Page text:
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UK rules erotic TV ad is offensive to Christians
LONDON (Reuters Life!) - An erotic television advertisement for hair straighteners that used religious imagery like rosary beads and the phrase: "thy will be done" has been banned in Britain for being offensive to Christians.
The ghd hair products ad prompted almost two dozen complaints to Britain's Advertising Standards Authority (ASA), including one from the Archdeacon of Liverpool, Ricky Panter.
The ASA ruled that the advertisement, which also used votive candles and the letter "t" in a font that made it resemble the cross of Jesus, caused serious offence.
The ad featured lingerie-clad women lying on a bed praying for their "flirty flicks to puncture the heart" of every man they saw.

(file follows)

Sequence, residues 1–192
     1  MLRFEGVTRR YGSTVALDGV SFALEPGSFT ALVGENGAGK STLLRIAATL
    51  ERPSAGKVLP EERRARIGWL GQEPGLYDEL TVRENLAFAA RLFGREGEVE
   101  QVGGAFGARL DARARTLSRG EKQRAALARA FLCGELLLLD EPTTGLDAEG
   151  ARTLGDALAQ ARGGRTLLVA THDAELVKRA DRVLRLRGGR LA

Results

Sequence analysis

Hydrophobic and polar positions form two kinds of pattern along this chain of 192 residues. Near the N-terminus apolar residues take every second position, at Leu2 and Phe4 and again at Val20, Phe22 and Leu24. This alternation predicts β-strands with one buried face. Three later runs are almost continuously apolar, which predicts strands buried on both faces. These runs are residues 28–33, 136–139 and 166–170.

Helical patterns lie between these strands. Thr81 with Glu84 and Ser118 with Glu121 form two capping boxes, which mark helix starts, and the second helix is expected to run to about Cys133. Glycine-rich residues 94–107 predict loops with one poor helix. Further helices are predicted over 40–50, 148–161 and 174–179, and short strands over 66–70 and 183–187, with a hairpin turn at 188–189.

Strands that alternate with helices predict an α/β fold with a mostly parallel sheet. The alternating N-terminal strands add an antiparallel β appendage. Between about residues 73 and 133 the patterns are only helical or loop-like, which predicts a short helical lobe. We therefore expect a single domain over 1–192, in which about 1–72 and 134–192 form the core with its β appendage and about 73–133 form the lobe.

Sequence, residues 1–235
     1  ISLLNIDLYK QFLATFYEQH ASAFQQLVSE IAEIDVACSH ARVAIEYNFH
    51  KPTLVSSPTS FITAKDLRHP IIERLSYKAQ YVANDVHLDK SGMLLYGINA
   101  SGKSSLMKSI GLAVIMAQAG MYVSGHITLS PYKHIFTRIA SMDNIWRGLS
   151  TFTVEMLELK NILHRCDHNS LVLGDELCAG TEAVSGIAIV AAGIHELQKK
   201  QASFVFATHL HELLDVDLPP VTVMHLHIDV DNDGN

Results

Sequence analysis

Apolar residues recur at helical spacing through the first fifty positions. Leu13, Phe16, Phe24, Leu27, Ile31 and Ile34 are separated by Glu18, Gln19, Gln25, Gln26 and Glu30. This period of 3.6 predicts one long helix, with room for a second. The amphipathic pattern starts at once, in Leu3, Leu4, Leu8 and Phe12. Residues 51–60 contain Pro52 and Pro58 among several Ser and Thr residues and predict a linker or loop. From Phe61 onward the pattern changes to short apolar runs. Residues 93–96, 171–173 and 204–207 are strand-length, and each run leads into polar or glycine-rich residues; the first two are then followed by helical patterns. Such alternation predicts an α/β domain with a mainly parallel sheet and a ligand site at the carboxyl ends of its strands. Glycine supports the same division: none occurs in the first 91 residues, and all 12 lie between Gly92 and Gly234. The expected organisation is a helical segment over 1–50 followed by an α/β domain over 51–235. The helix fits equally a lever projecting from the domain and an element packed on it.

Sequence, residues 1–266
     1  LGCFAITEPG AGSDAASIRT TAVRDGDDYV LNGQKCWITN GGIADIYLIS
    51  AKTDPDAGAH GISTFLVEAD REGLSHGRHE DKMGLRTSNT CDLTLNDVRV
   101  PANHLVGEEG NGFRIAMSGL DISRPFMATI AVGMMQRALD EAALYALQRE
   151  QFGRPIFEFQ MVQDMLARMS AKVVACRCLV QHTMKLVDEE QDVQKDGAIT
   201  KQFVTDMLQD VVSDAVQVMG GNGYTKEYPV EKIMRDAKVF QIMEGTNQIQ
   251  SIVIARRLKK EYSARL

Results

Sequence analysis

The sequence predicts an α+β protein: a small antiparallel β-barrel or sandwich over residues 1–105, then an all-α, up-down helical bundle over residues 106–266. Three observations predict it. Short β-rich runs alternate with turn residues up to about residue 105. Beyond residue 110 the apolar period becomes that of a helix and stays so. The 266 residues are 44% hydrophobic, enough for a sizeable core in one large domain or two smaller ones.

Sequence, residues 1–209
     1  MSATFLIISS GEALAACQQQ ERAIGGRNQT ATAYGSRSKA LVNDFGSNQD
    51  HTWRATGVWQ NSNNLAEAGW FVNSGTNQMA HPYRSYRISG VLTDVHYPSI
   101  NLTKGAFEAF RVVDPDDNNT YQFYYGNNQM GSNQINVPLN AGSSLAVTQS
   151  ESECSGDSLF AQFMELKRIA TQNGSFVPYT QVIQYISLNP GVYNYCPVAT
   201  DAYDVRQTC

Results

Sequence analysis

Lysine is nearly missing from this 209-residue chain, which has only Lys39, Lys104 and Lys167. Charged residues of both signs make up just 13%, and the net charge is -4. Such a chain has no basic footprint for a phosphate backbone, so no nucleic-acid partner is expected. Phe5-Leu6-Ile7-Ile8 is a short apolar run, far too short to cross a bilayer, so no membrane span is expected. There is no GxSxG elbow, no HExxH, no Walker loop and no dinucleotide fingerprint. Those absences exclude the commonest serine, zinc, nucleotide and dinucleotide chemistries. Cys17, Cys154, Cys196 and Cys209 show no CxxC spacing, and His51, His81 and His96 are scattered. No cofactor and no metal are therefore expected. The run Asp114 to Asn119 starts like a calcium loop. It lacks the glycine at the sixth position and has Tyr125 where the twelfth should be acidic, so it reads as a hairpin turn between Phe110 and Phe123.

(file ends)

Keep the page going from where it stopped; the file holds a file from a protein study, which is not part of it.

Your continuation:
They finished with "ghd IV thy will be done", with the caption: "ghd. A new religion for hair".
While the ASA acknowledged ghd had been using the "new religion for hair" slogan in marketing campaigns for seven years and did not mock religion, it ruled the TV ad's erotic nature broke television standards.
"We concluded that the eroticized images of the women apparently in prayer, in conjunction with (the) religious symbols ... were likely to cause serious offence, particularly to Christians," it said in Wednesday's judgment.
In a statement, ghd's Chief Executive, Martin Penny, criticized the "unduly harsh" ruling.
"We do not believe that the advert is overly erotic or that the choice of font used is offensive to the wider Christian community," he said.
(Editing by Stephen Addison and Paul Casciato)
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